Cooper Cameron continues work on Typhoon systems

Cooper Cameron Corp. is testing the first of four subsea production systems, assembled from components of its Mosaic product line, for later installation in the deepwater Typhoon project being developed by Chevron USA Production Co. and BHP Petroleum Inc. in the Gulf of Mexico.


Cooper Cameron Corp. is testing the first of four subsea production systems, assembled from components of its Mosaic product line, for later installation in the deepwater Typhoon project being developed by Chevron USA Production Co. and BHP Petroleum Inc. in the Gulf of Mexico (OGJ, April 10, 2000, p. 39).

But this is the last subsea production project to be done at Cameron's 49-acre facility in Ville Platte, La. Cameron is moving its subsea production line to an existing equipment refurbishment plant in Liberty, Tex., where it will be in operation by yearend, officials told OGJ Online.

The Ville Platte plant, which will retain its other operations, is too crowded for the growing subsea production line, a Cameron official said Thursday, during a tour of that facility.

"It would be okay if we were only doing 5 subsea production systems a year," he said, "but we think the Gulf of Mexico will support demand for at least 30 subsea systems annually."

Cameron doesn't expect to reap all of the ramp-up in the Gulf of Mexico deepwater subsea production market. But it wants to be positioned to harvest all it can, officials said.

The subsea systems that Cameron is producing for Typhoon are modular assemblies of the company's standard field-proven products, including gate valves, compact modular actuators, and retrievable insert chokes.

The assemblies will be landed on Cameron completion guide bases in 2,000-2,300 ft of water in Green Canyon blocks 236-237 nearly 100 miles off Louisiana.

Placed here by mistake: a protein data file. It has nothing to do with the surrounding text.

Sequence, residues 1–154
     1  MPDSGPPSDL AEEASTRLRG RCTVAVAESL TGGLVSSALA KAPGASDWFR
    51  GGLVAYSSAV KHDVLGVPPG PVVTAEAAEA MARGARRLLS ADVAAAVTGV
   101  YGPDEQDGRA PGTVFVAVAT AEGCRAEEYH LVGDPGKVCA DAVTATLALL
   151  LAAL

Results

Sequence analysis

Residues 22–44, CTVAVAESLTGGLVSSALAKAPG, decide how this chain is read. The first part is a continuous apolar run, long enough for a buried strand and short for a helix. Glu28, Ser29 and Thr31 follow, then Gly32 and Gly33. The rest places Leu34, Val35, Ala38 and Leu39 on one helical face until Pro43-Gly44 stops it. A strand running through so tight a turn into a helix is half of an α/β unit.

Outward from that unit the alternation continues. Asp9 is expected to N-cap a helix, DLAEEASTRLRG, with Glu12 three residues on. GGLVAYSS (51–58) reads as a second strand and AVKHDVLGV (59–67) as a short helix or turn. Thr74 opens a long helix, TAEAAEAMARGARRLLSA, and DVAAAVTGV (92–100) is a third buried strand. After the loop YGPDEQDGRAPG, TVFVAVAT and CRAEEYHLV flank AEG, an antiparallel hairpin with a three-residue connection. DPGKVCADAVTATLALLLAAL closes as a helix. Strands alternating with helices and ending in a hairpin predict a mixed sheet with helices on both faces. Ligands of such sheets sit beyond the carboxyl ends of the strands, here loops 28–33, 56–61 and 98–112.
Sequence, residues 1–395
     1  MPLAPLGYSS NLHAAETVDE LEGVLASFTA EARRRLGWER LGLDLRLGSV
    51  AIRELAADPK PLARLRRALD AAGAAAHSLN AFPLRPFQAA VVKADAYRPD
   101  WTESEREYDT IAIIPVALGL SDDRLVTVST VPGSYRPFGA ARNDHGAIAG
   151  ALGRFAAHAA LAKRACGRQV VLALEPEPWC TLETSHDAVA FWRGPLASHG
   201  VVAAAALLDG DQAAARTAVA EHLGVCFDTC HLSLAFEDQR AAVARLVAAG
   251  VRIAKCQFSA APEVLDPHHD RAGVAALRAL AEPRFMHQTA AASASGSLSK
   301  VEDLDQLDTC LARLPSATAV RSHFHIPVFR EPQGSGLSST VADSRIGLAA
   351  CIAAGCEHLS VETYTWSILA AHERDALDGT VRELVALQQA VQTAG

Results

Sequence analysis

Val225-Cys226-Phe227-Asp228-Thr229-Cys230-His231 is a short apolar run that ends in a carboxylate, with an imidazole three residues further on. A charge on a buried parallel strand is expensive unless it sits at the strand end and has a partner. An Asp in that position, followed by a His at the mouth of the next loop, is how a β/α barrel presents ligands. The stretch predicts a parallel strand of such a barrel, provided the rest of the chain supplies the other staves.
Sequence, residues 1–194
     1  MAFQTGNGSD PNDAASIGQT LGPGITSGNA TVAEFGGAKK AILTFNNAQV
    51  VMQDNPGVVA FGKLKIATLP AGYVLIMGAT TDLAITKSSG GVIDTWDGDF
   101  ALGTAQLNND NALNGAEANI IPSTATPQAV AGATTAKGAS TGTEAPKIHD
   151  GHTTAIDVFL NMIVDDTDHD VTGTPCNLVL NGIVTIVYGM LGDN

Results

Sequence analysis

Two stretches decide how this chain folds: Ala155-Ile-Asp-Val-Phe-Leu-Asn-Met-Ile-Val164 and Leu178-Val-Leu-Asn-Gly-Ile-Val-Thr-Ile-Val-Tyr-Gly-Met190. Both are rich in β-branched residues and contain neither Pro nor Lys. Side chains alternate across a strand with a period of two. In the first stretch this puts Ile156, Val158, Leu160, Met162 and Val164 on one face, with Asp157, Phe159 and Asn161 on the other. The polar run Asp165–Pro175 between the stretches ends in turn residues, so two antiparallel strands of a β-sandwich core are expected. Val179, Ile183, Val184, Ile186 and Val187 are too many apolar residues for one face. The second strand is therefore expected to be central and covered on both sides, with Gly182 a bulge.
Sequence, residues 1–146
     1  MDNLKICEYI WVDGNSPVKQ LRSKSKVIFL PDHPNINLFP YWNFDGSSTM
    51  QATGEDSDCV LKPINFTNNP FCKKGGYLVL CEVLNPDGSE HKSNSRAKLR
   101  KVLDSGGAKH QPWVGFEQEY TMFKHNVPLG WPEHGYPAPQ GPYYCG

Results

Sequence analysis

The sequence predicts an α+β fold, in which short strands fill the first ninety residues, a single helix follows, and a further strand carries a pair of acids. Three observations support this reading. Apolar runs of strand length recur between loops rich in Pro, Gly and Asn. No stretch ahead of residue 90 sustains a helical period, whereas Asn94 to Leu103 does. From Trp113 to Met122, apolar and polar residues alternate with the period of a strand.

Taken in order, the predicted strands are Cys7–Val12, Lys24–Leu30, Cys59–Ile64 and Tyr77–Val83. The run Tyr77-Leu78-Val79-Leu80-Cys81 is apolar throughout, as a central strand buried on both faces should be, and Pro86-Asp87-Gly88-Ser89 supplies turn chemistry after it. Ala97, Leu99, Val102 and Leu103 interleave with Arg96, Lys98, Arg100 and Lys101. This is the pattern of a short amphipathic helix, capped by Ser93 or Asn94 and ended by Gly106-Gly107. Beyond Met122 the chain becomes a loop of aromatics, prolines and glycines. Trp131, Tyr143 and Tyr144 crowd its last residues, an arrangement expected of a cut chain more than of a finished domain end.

Those bases are designed to automatically align the assemblies�with the aid of a remotely operated submarine vehicle�in correct orientation for easier tie-ins to the small tension-leg platform (TLP), which is scheduled for installation next May.

The guide base includes an upward-looking funnel that accommodates the stab and hinge-over flowline connection system, while a second funnel is used to connect the direct hydraulic control system.

Savings potential
The flowline connection system is designed for 150,000 lb of pull-in and incorporates a mini-collet connector to form a secure connection with the flexible flowline. It features a compact design that reduces the assembly's overall footprint and trims costs by $3.2 million over alternatives, said Cameron officials who demonstrated its operation to reporters.

Using direct tie-ins of flexible flowlines from all four subsea wells rather than a surface manifold and two flowlines will produce an estimated savings of $9 million on the project, said BHP officials. The four satellite subsea wells are located 0.6-2.3 miles from where the Typhoon mini-TLP will be positioned, officials said.

Cameron officials said Wednesday they expect to have all four systems assembled and tested by the end of August. Workers are scheduled to begin completions of the four subsea wells Sept. 1.

Chevron and BHP officials anticipate first oil production from Typhoon by August 2001, less than 4 years after discovery. Both companies hold half interests in the project, with Chevron as operator.

This is BHP's first commercial deepwater development project in the Gulf of Mexico.

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